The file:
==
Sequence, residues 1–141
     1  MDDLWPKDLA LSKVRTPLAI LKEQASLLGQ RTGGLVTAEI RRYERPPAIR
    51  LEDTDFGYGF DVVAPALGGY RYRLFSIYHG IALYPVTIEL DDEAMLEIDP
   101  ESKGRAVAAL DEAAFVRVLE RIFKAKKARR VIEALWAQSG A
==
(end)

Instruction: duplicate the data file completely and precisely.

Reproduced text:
Sequence, residues 1–141
     1  MDDLWPKDLA LSKVRTPLAI LKEQASLLGQ RTGGLVTAEI RRYERPPAIR
    51  LEDTDFGYGF DVVAPALGGY RYRLFSIYHG IALYPVTIEL DDEAMLEIDP
   101  ESKGRAVAAL DEAAFVRVLE RIFKAKKARR VIEALWAQSG A